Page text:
Within the paper, we present an approach for the alignment of point clouds collected by the RGB-D sensor Microsoft
Kinect, using a MEMS IMU and a coarse 3D model derived from a photographed evacuation plan. In this approach, the
alignment of the point clouds is based on the sensor pose, which is computed from the analysis of the user’s track,
normal vectors of the ground points, and the information extracted from the coarse 3D model. The user’s positions are
derived from a foot mounted MEMS IMU, based on zero velocity updates, and also the information extracted from a
coarse 3D model. We will then estimate the accuracy of point cloud alignment using this approach, and discuss about the
applications of this method in indoor modeling of buildings.
We address the problem of automating the processing of dense range data, specifically the automated interpretation of such data containing curved surfaces. This is a crucial step in the automated processing of range data for applications in object recognition, measurement, re-engineering and modeling. We propose a two stage process using model-based curvature classification as the first step. Features based on differential geometry, mainly curvature features, are ideally suited for processing objects of arbitrary shape including of course curved surfaces. The second stage uses a modified region growing algorithm to perform the final segmentation. The results of the proposed approach are demonstrated on different range data sets.
The optical MOMS02 three-line imaging camera provided stereo data in a resolution of 13.5 m and 4.5 m during the second German spacelab (D2) experiment on-board the space-shuttle within the flight STS55 from April 26 to May 6, 1993. For the verification of the stereo module, digital terrain models are derived by photogrammetric image matching techniques using intensity based and feature based methods, respectively. These verifications concentrate on two test sites, for which ground control points are available. The paper presents a comparison of the matching results when area based and feature based methods are used for automatic DTM generation. It is interesting, that the accuracy level could be increased by a factor of 2, if area based image matching is used for the point transfer computation. This improvement in accuracy is verified in both test sites: the Australian and the Andes test site. Furthermore, the last part of the paper presents first experimental results of a simulation for the matching of three channels of different pixel resolution, to come very close to the MOMS-02 architecture.
This paper presents a concept for the recognition and localization of objects which relies on multi-sensor fusion and active exploration. Today, researchers in photogrammetry generally agree that the use of complementary sensors, e.g. ranging and imaging cameras, is important for simplifying interpretation and related tasks. But no notice has been taken so far of the role of active exploration. Our work is part of a research program where five institutes of Stuttgart University co-operate to develop an experimental measuring system for flexible inspection and gauging. The system will be capable of determining automatically the shape, form and class attributes of an industrial object. It then solves in a self-acting manner the measuring task associated with that object. The paper, which focuses on the object recognition concept, briefly describes the experimental measuring system and the sensors employed. A number of subsequent processing steps of the whole procedure are illustrated through use of initial experimental results.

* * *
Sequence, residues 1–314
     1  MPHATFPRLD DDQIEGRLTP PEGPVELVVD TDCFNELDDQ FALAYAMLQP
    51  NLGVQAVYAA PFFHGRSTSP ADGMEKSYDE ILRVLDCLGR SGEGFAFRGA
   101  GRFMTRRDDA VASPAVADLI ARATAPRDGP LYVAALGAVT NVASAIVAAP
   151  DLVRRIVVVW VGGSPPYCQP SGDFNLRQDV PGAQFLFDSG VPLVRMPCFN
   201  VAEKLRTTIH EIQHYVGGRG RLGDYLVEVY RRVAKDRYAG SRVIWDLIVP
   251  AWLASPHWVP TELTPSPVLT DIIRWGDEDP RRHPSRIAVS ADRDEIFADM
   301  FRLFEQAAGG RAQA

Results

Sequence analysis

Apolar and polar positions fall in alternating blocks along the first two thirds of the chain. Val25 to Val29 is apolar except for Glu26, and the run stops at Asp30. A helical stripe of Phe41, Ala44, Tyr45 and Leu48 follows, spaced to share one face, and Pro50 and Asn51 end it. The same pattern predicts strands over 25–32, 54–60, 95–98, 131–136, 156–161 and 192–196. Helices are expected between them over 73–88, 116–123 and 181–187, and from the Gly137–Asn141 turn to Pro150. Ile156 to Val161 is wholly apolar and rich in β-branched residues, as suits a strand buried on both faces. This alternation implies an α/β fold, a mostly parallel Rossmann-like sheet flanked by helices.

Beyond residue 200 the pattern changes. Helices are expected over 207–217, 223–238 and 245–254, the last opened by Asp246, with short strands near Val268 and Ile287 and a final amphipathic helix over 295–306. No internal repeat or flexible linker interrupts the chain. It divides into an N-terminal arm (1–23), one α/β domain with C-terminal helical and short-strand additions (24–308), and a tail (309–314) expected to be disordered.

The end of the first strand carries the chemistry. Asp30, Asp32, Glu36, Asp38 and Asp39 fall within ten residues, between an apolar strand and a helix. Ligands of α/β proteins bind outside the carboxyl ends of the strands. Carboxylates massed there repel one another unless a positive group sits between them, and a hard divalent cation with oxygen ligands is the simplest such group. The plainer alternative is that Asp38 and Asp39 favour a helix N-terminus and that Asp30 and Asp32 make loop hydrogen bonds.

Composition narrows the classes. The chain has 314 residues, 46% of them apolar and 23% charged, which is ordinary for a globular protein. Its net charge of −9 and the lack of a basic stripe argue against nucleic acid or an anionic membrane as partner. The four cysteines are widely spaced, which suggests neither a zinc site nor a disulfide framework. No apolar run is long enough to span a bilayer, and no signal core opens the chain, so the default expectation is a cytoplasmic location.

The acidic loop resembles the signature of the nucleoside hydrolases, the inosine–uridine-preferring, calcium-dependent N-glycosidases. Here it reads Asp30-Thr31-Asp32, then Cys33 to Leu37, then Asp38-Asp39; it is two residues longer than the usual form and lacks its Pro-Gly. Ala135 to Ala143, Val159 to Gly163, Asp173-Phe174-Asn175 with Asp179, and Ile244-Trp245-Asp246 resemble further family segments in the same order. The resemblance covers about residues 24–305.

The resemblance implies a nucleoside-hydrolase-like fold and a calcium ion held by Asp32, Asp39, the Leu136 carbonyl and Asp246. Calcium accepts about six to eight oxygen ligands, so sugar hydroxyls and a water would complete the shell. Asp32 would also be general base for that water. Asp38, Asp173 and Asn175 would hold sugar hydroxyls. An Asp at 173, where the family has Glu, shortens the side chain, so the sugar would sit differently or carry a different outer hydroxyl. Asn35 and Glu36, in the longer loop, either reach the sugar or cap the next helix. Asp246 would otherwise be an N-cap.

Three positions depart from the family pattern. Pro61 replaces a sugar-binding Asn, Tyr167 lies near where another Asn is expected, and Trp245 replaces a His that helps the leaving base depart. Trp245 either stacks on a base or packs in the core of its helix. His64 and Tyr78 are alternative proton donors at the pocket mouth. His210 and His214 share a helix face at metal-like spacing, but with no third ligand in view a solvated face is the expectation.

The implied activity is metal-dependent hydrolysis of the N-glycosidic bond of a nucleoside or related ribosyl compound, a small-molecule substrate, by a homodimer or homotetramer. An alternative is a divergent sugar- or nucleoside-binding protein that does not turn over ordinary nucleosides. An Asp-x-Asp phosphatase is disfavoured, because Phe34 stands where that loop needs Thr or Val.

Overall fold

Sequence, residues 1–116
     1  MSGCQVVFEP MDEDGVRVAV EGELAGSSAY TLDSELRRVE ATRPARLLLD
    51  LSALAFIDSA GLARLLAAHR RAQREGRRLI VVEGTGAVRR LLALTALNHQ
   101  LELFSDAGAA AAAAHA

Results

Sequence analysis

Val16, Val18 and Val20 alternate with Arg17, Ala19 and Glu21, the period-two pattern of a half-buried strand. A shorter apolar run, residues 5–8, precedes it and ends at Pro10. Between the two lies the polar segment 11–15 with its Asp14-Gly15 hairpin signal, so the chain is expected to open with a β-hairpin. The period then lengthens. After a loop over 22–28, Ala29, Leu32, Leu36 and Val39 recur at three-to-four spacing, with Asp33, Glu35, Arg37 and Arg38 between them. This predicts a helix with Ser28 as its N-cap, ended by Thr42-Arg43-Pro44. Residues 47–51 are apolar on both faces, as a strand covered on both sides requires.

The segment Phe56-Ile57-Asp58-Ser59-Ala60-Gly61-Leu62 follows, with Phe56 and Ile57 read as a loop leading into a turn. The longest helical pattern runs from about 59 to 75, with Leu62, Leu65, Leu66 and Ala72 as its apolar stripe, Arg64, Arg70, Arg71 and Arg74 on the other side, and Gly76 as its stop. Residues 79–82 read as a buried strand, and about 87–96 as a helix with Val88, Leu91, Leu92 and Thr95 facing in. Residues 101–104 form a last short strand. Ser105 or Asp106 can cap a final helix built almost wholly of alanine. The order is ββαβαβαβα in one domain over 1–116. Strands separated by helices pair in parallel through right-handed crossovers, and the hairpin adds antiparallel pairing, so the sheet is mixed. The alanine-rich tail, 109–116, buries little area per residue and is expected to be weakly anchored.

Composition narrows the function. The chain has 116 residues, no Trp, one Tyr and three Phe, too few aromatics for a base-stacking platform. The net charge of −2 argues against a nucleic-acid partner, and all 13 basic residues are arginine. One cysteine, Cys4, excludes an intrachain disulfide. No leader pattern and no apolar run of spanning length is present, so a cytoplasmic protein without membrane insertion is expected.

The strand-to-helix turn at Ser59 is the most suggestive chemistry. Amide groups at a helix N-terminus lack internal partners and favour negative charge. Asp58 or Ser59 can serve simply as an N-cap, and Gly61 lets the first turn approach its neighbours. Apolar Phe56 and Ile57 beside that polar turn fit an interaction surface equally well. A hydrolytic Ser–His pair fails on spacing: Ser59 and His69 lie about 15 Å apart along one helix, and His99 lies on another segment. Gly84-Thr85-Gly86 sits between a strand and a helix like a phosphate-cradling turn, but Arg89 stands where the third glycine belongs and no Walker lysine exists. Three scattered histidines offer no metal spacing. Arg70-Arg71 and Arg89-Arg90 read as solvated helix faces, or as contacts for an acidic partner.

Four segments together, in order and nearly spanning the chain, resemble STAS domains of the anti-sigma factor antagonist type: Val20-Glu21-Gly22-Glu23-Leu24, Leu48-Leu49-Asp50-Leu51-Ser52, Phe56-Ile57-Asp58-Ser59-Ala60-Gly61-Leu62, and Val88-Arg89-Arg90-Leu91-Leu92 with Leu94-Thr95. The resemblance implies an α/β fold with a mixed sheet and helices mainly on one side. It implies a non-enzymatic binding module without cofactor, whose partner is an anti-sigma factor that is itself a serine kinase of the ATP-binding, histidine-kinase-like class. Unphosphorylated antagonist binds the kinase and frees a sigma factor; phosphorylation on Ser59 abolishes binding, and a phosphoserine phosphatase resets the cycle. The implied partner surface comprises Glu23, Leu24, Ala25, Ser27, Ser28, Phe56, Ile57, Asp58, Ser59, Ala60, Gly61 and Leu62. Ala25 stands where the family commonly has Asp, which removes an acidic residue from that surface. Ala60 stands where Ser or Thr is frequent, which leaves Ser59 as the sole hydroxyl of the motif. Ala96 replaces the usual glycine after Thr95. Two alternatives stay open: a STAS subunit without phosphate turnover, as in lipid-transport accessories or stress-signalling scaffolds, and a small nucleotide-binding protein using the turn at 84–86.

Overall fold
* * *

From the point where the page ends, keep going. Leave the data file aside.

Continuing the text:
The Digital Terrain Model (DTM) is one of the most elementary and important products of processing stereo image data. The 3D shape of the imaged scene is the basis for topographic mapping, orthophoto generation, geocoding multispectral image data, etc. An automatic procedure for generating DTM's from three-line imagery is under development since several years. The main features of the algorithm are feature based matching of points and edges extracted in all three channels, consistency checks in image and object space using the known orientation of the image strips, finite element modelling for surface representation and a coarse-to-fine directed processing strategy which controls the overall processing steps. As an option intensity based least squares matching is added if a most precise DTM is required. In this paper the procedure is described in detail. Processing scenes of Andes orbit 115 and Australia orbit 75B of MOMs-02/D2 mission shows that the procedure is successful even in mountainous terrain as well as in low texture scenes. Matching the three pan-chromatic stereo channels is done fast and reliable. The experimentally found height accuracy of 3D points determined by error propagation is about 10 - 15 m. This accuracy level is confirmed for the Australia scene by independent check measurements using DGPS.